Governor William Bradford: Writings & Role in the First Thanksgiving

Instructor: Crystal Daining

Crystal has a master's degree in history and loves teaching anyone ages 5-99.

William Bradford was one of the founders of Plymouth Colony in 1620. Learn about his involvement with the Mayflower Compact, the first Thanksgiving, his writings, and his role as governor of Plymouth Colony.


William Bradford (1590-1657) was one of the founders of Plymouth colony in 1620 in America. He was important for colonial American history because he was a signer of the Mayflower Compact, he played an important role in the first Thanksgiving, he was Plymouth colony's governor for more than 30 years, and he wrote Of Plymouth Plantation, one of the first history books on European settlement in the New World.

Statue of William Bradford

Early Years

Bradford was born in Yorkshire, England, in 1590. He came from an upper-middle class family and expressed his religious differences even while in his early teens. During his teens, he joined the Pilgrims, also known as Separatists, a group that wanted to separate from the Church of England, something that was not allowed at that time. The Pilgrims were persecuted in England, and Bradford joined the Pilgrims as they fled to the Netherlands for religious freedom.

Mayflower Compact

After 11 years in the Netherlands, the Pilgrims decided to set up a colony in the New World. They set sail in 1620 on the ship called the Mayflower for North America. It was a rough 3-month journey across the ocean, but the Pilgrims finally arrived off the coast of what is now Massachusetts. Before leaving the ship and starting Plymouth Colony, the Pilgrims decided to write the 'Mayflower Compact,' one of America's first documents defining government and civil laws in colonial American history. Bradford was one of the men who signed the document, which emphasized his importance and leadership qualities among the Puritans.

Plymouth Colony

Bradford and the First Thanksgiving

The Pilgrims landed in America in the fall season in 1620. Although they quickly started trying to build shelters and gather and hunt for food, their first New England winter was quite harsh, and starvation and sickness killed almost half of their population. The survivors began working hard for better survival as soon as winter passed, but they had much beneficial assistance from friendly local Indians. The combination of hard work and assistance from local Indians meant that the Pilgrims reaped an abundant harvest after the summer of 1621.

The celebration that we now regard as the 'First Thanksgiving' was the Pilgrims' 3-day feast celebrated in November of 1621. Bradford helped organize the celebration. This feast was a celebration for their first rich harvest as well as a way to thank the local Indians who helped teach them important survival skills. The first Thanksgiving started a tradition of giving thanks for good harvests and good health through feasting sometime during the fall season. By the mid-17th century, the custom of Thanksgiving spread throughout New England and became so popular that, after the American Revolution, the newly established Congress officially recognized the need for this holiday.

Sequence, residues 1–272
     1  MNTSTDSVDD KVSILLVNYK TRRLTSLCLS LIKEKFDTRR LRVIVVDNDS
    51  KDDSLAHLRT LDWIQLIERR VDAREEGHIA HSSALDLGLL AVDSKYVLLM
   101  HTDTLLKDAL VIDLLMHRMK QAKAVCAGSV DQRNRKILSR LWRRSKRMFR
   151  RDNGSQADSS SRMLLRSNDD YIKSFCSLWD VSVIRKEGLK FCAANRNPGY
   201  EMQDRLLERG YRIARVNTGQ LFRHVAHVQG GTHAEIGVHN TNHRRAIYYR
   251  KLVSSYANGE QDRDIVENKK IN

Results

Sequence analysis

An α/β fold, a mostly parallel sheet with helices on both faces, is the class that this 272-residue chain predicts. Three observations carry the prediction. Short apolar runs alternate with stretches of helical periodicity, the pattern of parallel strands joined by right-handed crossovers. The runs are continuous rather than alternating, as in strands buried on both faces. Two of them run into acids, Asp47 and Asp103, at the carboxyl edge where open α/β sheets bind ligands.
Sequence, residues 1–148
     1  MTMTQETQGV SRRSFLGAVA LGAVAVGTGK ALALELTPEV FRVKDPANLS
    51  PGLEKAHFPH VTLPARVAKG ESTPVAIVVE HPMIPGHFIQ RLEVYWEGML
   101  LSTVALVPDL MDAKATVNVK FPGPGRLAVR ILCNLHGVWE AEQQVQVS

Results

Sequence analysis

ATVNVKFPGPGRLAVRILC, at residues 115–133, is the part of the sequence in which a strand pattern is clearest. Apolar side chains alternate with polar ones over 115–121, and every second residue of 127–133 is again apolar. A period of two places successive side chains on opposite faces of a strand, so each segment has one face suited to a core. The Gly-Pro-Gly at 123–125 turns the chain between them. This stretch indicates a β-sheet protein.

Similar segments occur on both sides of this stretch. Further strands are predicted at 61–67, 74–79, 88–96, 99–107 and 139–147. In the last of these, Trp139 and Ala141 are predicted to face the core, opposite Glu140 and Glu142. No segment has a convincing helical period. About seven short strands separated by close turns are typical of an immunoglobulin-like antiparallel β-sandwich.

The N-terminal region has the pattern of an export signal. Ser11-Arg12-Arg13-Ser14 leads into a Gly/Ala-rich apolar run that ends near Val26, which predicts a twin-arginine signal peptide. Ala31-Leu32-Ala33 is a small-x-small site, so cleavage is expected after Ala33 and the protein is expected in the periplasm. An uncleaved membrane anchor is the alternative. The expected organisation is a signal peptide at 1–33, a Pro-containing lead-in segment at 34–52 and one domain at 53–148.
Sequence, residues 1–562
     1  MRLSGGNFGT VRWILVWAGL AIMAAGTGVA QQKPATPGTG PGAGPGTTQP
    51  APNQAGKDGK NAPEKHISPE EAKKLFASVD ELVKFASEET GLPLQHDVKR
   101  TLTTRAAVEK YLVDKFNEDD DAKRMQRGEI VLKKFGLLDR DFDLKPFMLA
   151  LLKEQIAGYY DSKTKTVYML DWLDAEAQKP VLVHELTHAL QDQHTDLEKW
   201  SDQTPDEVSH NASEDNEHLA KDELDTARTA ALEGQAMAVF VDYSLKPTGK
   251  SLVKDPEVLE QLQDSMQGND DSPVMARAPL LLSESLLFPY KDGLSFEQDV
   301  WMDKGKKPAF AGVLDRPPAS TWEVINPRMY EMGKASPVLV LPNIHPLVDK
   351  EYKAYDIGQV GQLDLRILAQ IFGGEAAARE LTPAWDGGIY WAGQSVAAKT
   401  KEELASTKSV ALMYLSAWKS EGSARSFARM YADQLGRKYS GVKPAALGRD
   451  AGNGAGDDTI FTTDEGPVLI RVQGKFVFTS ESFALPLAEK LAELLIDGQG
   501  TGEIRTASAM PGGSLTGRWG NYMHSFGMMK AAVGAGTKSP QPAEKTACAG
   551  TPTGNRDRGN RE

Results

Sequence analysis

Bradford as Governor of Plymouth Colony

Upon landing and establishing Plymouth Colony, elections were done for choosing the governor of the colony. For the first year, John Carver was governor. However, Carver passed away after one year as governor. From then on, Bradford was elected governor, a leadership role that he held for most of his remaining life. The governor was elected every year, and Bradford was governor for 30 years. During the five years in which he chose not to serve, he was elected as the governor's assistant.

Bradford was an excellent leader for the new colony. There were very few complaints made about his governorship in historical records. He worked hard to maintain friendly relations with the Native Americans and also managed to organize fishing, trading, and farming in their community.

Bradford was largely responsible for keeping Plymouth Colony independent of the larger Massachusetts Bay Colony. Since the Massachusetts Bay Colony was made up of Puritans who wanted to continue worshiping in the Church of England style (just a 'purified' version of it), and Plymouth Colony was made up of Pilgrims who wanted to remain separate from the Church of England, it was a wise decision for Bradford to keep his colony apart from the other.

Bradford was a very active political figure in Plymouth Colony. Not only was he the governor, he was also chief magistrate, high judge, and treasurer, and he presided over legislative issues in the General Court. In 1636, he helped draft the colony's legal code. Bradford was also known for being more religiously tolerant than the Massachusetts Bay Colony's governor, John Winthrop. Many of the people who were banished from Massachusetts Bay Colony for religious reasons often found shelter in Plymouth Colony under Bradford's leadership.

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